Custodial accounts allow an adult to manage a child’s gifted or inherited money. Prior to the advent of 529 accounts and other college savings vehicles, this was a primary way for parents to fund college savings for children, grandchildren and other minor beneficiaries. But custodial accounts are still useful tools today — learn more about how they work below.
What is a custodial account?
A custodial account is a savings or investment account held at a bank, brokerage firm or other financial institution. It’s controlled by an adult for the benefit of a minor who is under the age of 18. A custodial account can be a way for parents or other adults to establish an account for college savings or other purposes for the benefit of a child.
The UGMA (Uniform Gift to Minors Act) and UTMA (Uniform Transfer to Minors Act) are popular versions of custodial account arrangements. Both types of accounts are similar and the best alternative between the two can often be a function of the rules of your state. There are some differences, however.
UGMA and UTMA accounts compared
Both types of accounts are a vehicle to house gifts made to a minor. Some similarities include:
- No income caps or lifetime limits placed on gifts to either type of account.
- Parents, grandparents, aunts, uncles or any other adult can make contributions to both types of accounts.
- The adult can act as the custodian of the account or appoint another person or financial institution to act in this capacity. The custodian has a fiduciary obligation to the minor to ensure the assets are managed for their benefit.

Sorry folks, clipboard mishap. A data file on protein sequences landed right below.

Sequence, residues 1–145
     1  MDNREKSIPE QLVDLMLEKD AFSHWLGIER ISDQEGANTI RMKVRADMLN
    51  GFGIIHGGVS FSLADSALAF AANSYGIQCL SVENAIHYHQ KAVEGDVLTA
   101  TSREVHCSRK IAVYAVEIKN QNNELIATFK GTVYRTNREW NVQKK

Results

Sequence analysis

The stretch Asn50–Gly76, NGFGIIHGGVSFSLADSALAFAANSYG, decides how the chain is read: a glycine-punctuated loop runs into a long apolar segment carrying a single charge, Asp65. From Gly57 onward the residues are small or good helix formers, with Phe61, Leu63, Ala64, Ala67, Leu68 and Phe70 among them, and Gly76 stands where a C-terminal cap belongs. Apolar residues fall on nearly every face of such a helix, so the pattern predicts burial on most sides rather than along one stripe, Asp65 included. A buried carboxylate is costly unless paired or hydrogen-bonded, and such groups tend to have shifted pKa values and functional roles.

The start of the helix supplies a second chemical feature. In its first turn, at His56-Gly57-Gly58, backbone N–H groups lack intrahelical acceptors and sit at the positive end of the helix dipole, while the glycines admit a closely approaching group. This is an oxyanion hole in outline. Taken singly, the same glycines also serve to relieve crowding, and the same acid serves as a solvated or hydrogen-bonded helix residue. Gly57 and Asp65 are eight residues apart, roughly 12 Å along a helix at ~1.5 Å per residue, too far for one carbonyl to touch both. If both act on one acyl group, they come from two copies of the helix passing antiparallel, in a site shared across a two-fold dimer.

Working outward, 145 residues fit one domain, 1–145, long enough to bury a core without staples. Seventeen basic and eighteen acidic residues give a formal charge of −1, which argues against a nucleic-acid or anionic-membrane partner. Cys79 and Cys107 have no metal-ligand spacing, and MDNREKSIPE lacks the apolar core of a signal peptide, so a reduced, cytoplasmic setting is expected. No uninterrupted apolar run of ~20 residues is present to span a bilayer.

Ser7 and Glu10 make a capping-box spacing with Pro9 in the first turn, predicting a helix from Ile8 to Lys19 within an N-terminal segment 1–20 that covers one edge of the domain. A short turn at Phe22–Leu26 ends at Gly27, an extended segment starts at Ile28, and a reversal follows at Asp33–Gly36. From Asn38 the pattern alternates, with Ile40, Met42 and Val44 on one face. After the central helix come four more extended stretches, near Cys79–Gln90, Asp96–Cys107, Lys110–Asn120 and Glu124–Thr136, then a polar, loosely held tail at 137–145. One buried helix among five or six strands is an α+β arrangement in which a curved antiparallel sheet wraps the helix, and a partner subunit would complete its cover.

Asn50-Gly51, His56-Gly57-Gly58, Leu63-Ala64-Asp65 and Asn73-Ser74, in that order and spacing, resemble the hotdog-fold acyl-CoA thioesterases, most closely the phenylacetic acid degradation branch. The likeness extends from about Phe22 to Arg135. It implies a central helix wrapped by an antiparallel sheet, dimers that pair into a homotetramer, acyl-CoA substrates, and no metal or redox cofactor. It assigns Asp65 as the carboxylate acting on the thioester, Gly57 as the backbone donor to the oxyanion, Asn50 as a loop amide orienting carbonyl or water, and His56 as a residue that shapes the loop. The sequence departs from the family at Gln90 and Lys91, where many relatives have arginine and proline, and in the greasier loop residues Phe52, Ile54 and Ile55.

- For each account, there is only one beneficiary and one custodian.
Key differences include:
- Gifts to a UTMA account can be made with virtually any type of asset, including securities, real estate, cash and others.
- Gifts to a UGMA are limited to cash, securities and insurance policies.
There are also federal tax issues to be aware of for both types of accounts. (State income tax rules may vary by state.)
- These are not tax-deferred accounts like a 529 plan of Coverdale Educational Savings Accounts (ESA). You can only contribute after-tax dollars.
- Unearned income — income generated by the assets in the account —was formerly subject to the “kiddie tax,” which taxed this income at the tax rate of the minor’s parents. But as part of the 2017 tax reform rules, this unearned income is now taxed based on the rates for trusts and estates. Whether or not this is advantageous will vary by each individual situation.
Pros and cons of custodial accounts
No investing product is perfect, and as with any other option, custodial accounts have some potential benefits and drawbacks to consider.
- Custodial accounts don’t impose any restrictions on contributions or withdrawals. There’s a lot of flexibility in using these accounts, so long as it’s in the benefit of the child account holder.
- These accounts are widely available at many financial institutions and are easy to open and access.
- Assets in a UGMA or UTMA account may impact the child’s federal financial aid application for college. About 20% of these assets will be expected to be used to fund the cost of higher education.